06 Nov 2017
We’ve had a couple of event recently at Peschel Press that spurred some ruminations about book shows, capitalism and the writer’s role in the marketplace. This is going to be disjointed post, I confess. We’ve been so swamped with work and book shows recently that I didn’t allot time for writing Monday’s CIA post. So I’m writing this Monday morning, after spending the week working on the ebook for volume 4 of “Sherlock Holmes Great War Parodies and Pastiches: 1910-1914”, Teresa’s manuscript on Making Cloth Grocery Bags, and another book on the meaning of flowers and gems that we haven’t talked about anywhere (sometimes, even important stuff doesn’t get done).
The spirit of CIA is in building a company over the long term, putting out books that are worth reading and rereading that reflect the writer’s interest (and hopefully the audience as well). I’m not interested in writing to market, although we’re learning to understand the market we can reach. I’m not interested in streamlining every aspect of the company toward sales, optimizing our time and marketing efforts towards the most hottest segments.
At the same time, there’s another evolution going on within the company. Running the business side has created a feedback loop that is teaching me about the marketplace and my place in it. You may not be interested in capitalism, but when you hang out a shingle, spread a blanket in the market and display your wares to the people, it becomes clear that capitalism is interested in you. Your nose is rubbed into it when you see people pass by your work with a profound lack of interest. A few stop, pause, and walk on. Fewer will touch a book, riffle through a few pages, then wander away.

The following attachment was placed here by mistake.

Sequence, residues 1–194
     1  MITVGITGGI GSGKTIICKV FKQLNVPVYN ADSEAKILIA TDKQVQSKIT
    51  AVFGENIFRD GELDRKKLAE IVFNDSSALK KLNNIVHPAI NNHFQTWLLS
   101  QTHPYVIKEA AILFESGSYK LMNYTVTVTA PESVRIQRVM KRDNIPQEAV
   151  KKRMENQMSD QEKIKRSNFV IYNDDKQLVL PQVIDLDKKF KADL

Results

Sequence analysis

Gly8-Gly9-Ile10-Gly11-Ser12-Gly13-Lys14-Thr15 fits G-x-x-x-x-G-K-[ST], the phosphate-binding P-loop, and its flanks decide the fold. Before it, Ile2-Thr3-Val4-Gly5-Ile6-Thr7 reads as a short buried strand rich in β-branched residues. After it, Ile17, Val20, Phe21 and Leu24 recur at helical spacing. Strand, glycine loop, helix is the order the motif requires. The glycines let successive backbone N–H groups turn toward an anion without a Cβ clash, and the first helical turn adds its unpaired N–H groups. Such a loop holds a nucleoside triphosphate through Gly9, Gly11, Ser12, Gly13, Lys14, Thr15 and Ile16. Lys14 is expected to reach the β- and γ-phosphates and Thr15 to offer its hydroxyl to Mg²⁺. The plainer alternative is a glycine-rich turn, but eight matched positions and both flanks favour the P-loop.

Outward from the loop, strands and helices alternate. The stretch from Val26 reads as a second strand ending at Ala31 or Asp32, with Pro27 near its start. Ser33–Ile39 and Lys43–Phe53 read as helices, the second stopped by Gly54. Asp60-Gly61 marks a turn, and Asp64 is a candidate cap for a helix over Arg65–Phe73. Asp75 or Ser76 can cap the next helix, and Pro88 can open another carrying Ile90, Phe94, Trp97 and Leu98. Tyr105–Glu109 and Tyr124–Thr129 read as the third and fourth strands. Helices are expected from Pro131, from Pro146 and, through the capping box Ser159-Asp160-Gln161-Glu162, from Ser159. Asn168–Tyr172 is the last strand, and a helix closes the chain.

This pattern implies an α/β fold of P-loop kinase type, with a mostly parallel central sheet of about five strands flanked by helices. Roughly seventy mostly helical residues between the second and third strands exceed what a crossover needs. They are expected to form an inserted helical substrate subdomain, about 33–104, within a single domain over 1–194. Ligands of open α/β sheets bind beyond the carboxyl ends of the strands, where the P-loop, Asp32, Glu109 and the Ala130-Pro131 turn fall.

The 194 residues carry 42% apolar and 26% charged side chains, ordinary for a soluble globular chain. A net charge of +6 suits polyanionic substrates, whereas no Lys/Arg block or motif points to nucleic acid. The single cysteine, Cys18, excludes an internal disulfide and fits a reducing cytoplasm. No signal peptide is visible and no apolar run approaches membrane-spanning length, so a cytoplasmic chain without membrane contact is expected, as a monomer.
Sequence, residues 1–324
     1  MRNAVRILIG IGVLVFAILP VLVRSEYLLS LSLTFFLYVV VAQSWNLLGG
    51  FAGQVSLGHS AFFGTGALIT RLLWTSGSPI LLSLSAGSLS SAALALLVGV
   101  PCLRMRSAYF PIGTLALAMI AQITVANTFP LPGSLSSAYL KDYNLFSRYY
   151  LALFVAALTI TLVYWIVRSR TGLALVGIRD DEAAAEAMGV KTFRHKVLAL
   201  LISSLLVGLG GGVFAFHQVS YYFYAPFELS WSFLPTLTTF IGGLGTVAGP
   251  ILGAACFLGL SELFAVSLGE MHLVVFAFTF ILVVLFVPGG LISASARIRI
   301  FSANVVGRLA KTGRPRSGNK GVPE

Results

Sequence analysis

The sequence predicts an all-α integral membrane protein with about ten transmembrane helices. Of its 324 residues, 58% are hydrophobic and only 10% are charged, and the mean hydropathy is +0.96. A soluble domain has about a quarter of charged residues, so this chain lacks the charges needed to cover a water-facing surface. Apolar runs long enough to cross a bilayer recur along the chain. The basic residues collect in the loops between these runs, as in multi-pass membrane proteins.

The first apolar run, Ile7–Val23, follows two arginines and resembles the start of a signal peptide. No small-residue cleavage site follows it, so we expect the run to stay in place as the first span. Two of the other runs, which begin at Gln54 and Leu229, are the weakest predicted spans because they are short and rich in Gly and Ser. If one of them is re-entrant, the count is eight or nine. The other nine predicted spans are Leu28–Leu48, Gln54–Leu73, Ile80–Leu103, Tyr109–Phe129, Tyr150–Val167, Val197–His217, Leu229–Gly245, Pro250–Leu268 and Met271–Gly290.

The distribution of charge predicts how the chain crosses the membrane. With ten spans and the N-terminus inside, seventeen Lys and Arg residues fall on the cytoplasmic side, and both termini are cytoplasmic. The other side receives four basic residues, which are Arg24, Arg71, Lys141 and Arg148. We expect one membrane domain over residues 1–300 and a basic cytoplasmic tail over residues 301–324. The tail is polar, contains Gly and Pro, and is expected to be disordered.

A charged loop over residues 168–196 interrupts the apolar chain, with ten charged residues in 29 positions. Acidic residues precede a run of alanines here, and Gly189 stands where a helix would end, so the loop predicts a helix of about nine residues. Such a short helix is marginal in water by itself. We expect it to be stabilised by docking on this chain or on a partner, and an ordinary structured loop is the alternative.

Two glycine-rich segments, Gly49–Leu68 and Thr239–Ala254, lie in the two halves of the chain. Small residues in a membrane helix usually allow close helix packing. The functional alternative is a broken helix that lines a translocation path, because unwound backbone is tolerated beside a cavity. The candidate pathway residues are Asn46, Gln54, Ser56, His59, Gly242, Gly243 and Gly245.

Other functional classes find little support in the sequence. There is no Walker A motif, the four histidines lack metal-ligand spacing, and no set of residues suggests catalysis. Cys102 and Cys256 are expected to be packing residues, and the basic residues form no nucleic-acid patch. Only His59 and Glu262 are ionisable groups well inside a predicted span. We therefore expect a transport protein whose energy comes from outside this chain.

This happens online outside your ken and it doesn’t affect you much because you don’t see it. But if you go to book fairs and craft shows, you can’t help but be exposed to a brutal fact:
Few products sell itself, and books aren’t one of them.
For example, Peschel Press has appeared at a few shows recently. We visited Choctoberfest, and sold books at the York Book Expo, the post-apocalyptic book signing at Cupboard Maker Books, and last weekend at the Winter Arts Show 2017 at Hershey High School.
(By the by, we’ll also have one more event at Cupboard Maker Books, appearing with several other authors at noon, Dec. 16, at Cupboard Maker in Enola! Michelle will also be holding a small business signing on Saturday, Nov. 25, but we don’t know at this moment if we can make it.)
Anyway, the point I’m trying to make is that by doing these shows for several years, we went through a trial by fire. We experienced multiple rejections. We slowly learned what we needed to do to put up an attractive booth. We made mistakes. We probably blew sales that should have been made. We also made sales to customers that surprised us. We met fun people, and gave people a fun moment that I hope cheered them up.
That’s important to me when I play the Public Peschel. I’ve been internalizing something my darling Teresa said, “People may not remember what you said, but they remember how you made them feel.” Anyone who stops at the Peschel Press booth should feel better when they leave, whether they buy a book or not. When we talk about our books, there should be a story in it, a joke, a humorous observation.
The cookies help a lot. We give away Teresa’s butterscotch crunchies, along with the recipe (which has our catalog on the back). People stop, try them out, take a recipe, listen to us talk about our books, and move on. We don’t know how many sales have resulted, but we’ve had people come back the next year and remember us. After four years at the Winter Arts Show in the same spot, we have people who remember buying books from us, and some of them buy more (I really need to work on that sequel to “Writers Gone Wild”–that’s been our biggest seller at the shows).